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# \"Munchkin differential\"---not making sense to me

Member Posts: 11
The Munchkin allows the homeowner to set a few parameters. One of them is the "Munchkin differential", described on pg. 36 of the installation manual:

"Simply press in the S3/Program key to get to next value, the Munchkin differential setting will appear in the display ch and alternating value of 30. This allows the installer to adjust the activation of the burner based on the differential temperature setting of the Munchkin. The burner will not start until the outlet water temperature reaches a temperature that is equal to the temperature setting for the Munchkin, minus the differential.
EX: The Munchkin is set to heat at 180° F degrees and the differential is set at 20° F. The burner will not start until the outlet temperature of the system falls below 159° F degrees (180°  20° F =160° F).
To adjust, press either S1/ (Decrease Value) or S2/+ (Increase Value) Ranges 5° F to 30°F."

Here's the problem. Suppose it is a warm day; the outside temperature is (say) 55F, and the reset process has set the water temperature to be (say) 85F. Suppose the Munchkin differential is 20F.

So the supply water has to be 85-20=65F before the Munchkin will start heating? That isn't likely to happen before the house gets very cold! At 180F, waiting for the return temp to be 160F is reasonable, but it is not reasonable for the differential to be a fixed number.

PS Essentially the same explanation is in the Vision I manual, pg. 13, with an important difference: the temperature being monitored is described there as the temperature of the RETURN water, not the supply water. My problem with it is still the same. In my example, neither the supply nor the return temperature is going to fall below 65 for a very long time after the burner stops. Delta-T may be 20 at 180, bu it is not 20 at lower water temperatures.

• Member Posts: 2,542
Split differential

If I'm not mistaken, the differential is split. Half high, half low. So in your case, 10 degrees subtracted from the set point would give you a start, and 10 degrees F added to the set point would be the ending temp.

ME

• Member Posts: 262
Huh?

I was taught that the differential is just as described in the manual(I have attended 2 Vision traing sessions). If the differential is split then wewould see 190 on the high side and 170 onthe low. I have 20 Munchkins out there, some with Vision 1, Vision 3 and straight out of the box , no reset, everyone runs to the set point and then shuts down until the return reaches the differential temp. Makes setting the differential a crap shoot with the reset.
• Member Posts: 183
no difference to the problem

> If I'm not mistaken, the differential is split.

This is true in Tekmars although not true in Munchkins. In any case, it makes no difference.

If a reset curve goes to 70 @ 70, the reset temperature will be 75 at some outdoor temperature (say 65). The water temp would then have to cool below 75 - (20/2) = 65 before the Munchkin starts up again, Basically the unit will stop working, because the water will have to cool to the OUTDOOR temperature before the boiler will run again (!).

A fixed differential works fine with an aquastat in a CI boiler, because the temperature range is so small (140-180). It does not work with full-range (down to 70) reset.

I wonder what actually happens in spring and fall, since if Munchkins stopped working in those periods, we would have heard about it before now!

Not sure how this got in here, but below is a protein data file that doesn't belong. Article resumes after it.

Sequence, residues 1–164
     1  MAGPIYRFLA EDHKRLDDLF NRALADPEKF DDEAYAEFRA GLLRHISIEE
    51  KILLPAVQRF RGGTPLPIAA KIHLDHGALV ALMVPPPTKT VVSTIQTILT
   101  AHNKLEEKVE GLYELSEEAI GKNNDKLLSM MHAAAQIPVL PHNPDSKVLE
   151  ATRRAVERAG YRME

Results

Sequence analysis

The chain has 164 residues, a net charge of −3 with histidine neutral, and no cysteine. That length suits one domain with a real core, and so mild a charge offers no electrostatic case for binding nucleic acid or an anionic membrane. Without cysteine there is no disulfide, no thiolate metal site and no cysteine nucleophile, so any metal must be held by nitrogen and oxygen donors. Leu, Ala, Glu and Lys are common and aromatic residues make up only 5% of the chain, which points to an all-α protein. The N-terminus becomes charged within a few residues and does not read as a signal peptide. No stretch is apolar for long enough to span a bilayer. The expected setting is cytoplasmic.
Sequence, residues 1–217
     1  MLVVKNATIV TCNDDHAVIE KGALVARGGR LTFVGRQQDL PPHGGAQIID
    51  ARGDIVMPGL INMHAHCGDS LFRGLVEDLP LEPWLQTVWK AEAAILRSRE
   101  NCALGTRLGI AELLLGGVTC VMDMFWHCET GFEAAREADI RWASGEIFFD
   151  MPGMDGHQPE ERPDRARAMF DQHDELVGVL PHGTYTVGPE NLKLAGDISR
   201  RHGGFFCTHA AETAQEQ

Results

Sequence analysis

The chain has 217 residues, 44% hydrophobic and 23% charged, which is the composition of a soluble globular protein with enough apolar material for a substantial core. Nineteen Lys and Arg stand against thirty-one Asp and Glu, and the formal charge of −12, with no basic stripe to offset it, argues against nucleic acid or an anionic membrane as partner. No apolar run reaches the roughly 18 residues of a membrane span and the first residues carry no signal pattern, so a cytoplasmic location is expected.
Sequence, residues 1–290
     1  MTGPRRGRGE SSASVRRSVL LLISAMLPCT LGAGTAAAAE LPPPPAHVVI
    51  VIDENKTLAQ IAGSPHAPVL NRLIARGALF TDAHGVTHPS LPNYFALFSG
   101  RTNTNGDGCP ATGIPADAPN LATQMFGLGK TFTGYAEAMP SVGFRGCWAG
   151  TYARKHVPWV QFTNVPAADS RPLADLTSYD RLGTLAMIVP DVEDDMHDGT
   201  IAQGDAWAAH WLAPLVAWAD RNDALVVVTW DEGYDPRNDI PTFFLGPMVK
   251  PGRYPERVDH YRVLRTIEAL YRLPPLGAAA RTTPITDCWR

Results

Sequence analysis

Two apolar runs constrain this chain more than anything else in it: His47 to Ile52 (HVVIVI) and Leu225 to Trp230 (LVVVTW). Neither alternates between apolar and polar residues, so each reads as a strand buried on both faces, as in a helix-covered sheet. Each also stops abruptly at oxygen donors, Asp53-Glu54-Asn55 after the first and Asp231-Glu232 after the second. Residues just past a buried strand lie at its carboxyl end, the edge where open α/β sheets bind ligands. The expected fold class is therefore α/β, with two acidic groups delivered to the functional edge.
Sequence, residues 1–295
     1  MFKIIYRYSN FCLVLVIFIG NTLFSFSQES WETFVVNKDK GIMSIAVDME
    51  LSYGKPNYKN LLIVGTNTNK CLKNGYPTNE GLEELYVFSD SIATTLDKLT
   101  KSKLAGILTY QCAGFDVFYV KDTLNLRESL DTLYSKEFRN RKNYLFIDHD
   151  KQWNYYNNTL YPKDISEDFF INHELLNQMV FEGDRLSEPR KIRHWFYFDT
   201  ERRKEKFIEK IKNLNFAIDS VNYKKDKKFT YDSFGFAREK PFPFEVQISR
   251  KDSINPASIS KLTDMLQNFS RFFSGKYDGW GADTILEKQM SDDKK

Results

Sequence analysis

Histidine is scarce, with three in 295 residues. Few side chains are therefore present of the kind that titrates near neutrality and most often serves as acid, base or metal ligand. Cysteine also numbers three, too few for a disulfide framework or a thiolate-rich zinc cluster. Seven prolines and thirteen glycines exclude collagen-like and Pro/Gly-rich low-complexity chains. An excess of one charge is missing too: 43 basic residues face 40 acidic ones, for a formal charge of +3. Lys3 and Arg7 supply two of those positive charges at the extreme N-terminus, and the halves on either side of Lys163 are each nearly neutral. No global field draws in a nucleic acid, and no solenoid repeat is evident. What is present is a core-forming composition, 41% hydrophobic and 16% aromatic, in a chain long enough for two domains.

Curiously, the Tekmars have an "auto differential" setting that INCREASES the differential when there is a smaller heating load!! This is claimed to reduce short cycling, but it will cause the same problem I am describing, only worse!! Tekmars are widely used without a problem, so there must be some explanation.
• Member Posts: 414
I'm being dense

I keep on seeing these discussions of reset curves and they keep not quite making sense to me. Like I have said before, I see the reset curve as a secondary control for boiler optimization, not a primary control for room heat.

So my answer to your initial concern is 'don't program your reset curve that way.' Just change the reset curve to guarantee that it starts at 70F accounting for the differential. The boiler will burn until it hits the reset target, say 90F. Given the very low heating demand on the days where the reset curve is at it's bottom, there will be a bunch of BTUs stored in the water and the building mass to keep the burner off for a good long time.

In a standard control system you have either thermostat(s) or run constant circulation and TRVs or similar. In either case, having the water hotter than ideal in the extreme shoulder case is not critical, simply suboptimal. It's not clear to me how close outdoor reset is to optimal in estimating heating demand (a subtle difference from heating load.) Things like people want their house a tad warmer on rainy days and the fact that people aren't terribly linear or repeatable.

jerry
• Member Posts: 12
so you're saying...

So you are saying that the standard reset curves we all see, the ones starting with 70 @ 70, and ending with (say) 180 @ 0, won't work. One must have something like 90 @ 70.

OK, I can accept that. I understand your arguments. So why don't they tell you that? What if someone believes those example curves (like those shown in Tekmar manuals) and programs a Tekmar starting with 70 @ 70, will their systems then fail to keep the house at 70 in mild weather, because the boiler won't start even though the thermostat is calling for heat?
• Member Posts: 491
Tekmar

I have been using Tekmar for about ten years and have not had any complaints, but then alot of my systems use indoor temperature feedback wich will adjust the heating curve based on indoor and outdoor temp.
I must have a couple of hundred jobs with standard outdoor reset and no problems.

S Davis